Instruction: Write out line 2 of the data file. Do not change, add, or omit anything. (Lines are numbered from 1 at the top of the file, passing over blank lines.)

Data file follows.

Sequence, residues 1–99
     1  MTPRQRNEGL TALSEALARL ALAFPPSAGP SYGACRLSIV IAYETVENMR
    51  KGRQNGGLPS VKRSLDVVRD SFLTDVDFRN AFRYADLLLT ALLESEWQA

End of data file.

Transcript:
     1  MTPRQRNEGL TALSEALARL ALAFPPSAGP SYGACRLSIV IAYETVENMR